Can you see it now???
What a difference a couple of days makes!
(…and a bush hogging machine or two)
Seeing The Forest For All The Trees
Last week, we hired a local landscaping company to clear out the homesite area and make a rough, temporary driveway.
They took down most of the trees that were 8-inches and smaller. However, they left any that might be good “accent trees” — just in case we changed our mind on the exact placement of the house.
They also completely removed all of the small brush and prickly things that were underfoot. (Much of it was very thick and had grown quite high on this forested piece of property.)
What To Expect After Your Land Is Cleared
My first visit after Day One of bush hogging caught me completely off guard. (Jim was out of town, so I drove out to see the results by myself.) I couldn’t stop crying. When I called Jim to tell him what I was looking at, I had a frog in my throat and could barely speak. Jim says, “Is this good crying?!”
Of course it was good crying!!! I could not believe that I was actually looking at the future site of my dream home. Finally… it seemed real. (she writes, still choking back tears)
Before now, it was just a thick patch of trees (…that happened to be located on a really cool road in a really cool part of town). But now I could see how beautiful a house would look tucked neatly into these majestic woods, with creeks streaming in every direction, sunlight poking through the thick forest of trees that surrounds the home in every direction, and nothing but silence. It was pure heaven on earth.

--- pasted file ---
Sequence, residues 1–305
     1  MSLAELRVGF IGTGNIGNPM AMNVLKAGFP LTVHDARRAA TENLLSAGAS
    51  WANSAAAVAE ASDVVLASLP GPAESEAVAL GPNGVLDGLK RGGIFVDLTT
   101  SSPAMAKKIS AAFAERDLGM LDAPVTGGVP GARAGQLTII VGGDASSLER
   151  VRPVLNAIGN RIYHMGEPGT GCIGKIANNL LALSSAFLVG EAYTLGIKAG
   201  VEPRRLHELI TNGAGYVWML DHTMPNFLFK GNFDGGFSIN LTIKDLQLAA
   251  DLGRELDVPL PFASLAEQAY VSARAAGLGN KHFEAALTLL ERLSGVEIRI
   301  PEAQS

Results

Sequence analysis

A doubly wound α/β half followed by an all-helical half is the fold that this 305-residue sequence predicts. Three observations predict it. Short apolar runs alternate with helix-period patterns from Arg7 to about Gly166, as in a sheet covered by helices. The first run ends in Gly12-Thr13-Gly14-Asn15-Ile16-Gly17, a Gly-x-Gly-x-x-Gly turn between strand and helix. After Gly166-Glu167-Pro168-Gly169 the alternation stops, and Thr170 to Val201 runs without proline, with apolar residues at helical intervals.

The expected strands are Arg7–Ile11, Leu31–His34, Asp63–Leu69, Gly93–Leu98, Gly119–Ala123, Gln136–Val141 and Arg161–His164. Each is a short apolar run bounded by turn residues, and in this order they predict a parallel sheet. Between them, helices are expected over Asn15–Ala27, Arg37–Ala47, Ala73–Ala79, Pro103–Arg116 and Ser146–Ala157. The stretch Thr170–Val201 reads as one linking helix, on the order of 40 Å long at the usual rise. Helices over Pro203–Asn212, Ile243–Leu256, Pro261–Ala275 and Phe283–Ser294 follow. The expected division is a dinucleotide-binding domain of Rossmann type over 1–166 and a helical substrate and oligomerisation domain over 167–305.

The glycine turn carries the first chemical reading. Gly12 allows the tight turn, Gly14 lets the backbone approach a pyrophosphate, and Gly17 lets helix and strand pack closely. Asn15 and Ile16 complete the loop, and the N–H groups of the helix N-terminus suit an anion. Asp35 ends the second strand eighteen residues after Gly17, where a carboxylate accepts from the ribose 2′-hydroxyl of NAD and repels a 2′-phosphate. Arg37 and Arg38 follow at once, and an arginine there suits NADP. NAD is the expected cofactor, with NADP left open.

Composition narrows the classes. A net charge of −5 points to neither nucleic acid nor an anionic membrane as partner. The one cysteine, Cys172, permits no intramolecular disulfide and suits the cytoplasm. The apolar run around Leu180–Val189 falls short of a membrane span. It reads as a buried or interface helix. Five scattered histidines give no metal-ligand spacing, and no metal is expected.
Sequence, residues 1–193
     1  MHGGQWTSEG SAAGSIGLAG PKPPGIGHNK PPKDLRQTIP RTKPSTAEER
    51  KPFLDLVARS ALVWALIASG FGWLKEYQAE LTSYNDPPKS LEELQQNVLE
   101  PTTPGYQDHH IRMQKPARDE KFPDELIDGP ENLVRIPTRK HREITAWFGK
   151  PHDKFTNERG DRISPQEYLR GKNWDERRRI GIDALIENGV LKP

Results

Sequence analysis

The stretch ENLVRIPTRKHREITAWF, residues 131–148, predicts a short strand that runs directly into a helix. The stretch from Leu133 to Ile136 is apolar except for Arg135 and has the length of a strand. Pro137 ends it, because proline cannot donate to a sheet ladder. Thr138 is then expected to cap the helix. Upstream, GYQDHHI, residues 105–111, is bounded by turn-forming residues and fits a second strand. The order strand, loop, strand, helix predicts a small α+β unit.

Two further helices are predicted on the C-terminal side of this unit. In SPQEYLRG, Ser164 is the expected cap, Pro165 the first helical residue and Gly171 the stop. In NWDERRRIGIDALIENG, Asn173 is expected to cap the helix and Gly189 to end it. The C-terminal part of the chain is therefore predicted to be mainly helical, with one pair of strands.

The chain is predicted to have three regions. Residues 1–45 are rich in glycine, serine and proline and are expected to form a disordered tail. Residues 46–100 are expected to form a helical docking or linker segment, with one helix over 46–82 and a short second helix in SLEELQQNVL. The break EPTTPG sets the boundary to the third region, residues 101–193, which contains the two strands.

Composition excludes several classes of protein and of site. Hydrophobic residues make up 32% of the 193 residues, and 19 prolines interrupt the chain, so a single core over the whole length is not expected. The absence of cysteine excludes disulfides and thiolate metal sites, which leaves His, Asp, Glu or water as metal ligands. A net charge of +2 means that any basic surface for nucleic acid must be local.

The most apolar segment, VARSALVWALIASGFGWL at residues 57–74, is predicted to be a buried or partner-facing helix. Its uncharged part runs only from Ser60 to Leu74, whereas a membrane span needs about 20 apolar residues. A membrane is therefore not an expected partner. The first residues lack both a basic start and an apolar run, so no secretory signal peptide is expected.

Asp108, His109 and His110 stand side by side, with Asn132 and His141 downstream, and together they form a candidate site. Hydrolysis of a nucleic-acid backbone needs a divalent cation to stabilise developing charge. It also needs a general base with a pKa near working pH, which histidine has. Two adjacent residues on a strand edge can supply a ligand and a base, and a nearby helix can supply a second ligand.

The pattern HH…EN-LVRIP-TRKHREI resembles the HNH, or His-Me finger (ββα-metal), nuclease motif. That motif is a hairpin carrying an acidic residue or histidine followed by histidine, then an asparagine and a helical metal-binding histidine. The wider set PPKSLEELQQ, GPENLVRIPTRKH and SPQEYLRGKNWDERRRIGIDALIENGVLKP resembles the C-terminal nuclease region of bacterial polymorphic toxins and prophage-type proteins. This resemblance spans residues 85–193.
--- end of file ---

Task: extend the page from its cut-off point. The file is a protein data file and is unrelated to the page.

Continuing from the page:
I say that… but what I was actually looking at was a vast wasteland of nothing but white sawdusty, sandy, and chalky chipped up remains of trees. No joke. I thought it would look more like mulch when it was all said & done. But no… it’s more like white ashy soot!
I’m sure it didn’t help that we haven’t had rain in months, but the guy in charge told me “No, that’s pretty much what you can expect in those parts of Williamson County.” I guess it’s some combination of dried tree bark & sticks and the actual types of trees & vegetation that existed in there (plus the fair amount of ROCK that they encountered during the process) that make the leftovers resemble soot (…as in from a fire!).
I left there covered in a thin layer of white film from head to toe… and this was just from walking up the steep hillside (I mean “our new driveway”) and scoping out all corners of the homesite while taking pictures.
What Our Property Looks Like Now
To be honest, pictures don’t do it justice. I sent these to Jim while he was on the road, and we discussed them over the phone. There were repeated, “Can’t you see it?”… “No, that’s the other side!”… “Over there, to the right, that’s the tree we marked.”
The pictures don’t show perspective, or depth. Or how expansive this home site is!
In fact, most will not find any value in the following photos, but I’m storing them here for easy access and to document this project from start to finish. I trust when it’s all said and done, and we’re sitting on the front porch of our new log home, we will cherish these photos showing what things used to look like.
I like to help people find unique ways to do things in order to save time & money — so I write about “outside the box” ideas that most wouldn’t think of. As a lifelong dog owner, I often share my best tips for living with and training dogs. I worked in Higher Ed over 10 years before switching gears to pursue activities that I’m truly passionate about. I’ve worked at a vet, in a photo lab, and at a zoo — to name a few. I enjoy the outdoors via bicycle, motorcycle, Jeep, or RV. You can always find me at the corner of Good News & Fun Times as publisher of The Fun Times Guide (32 fun & helpful websites).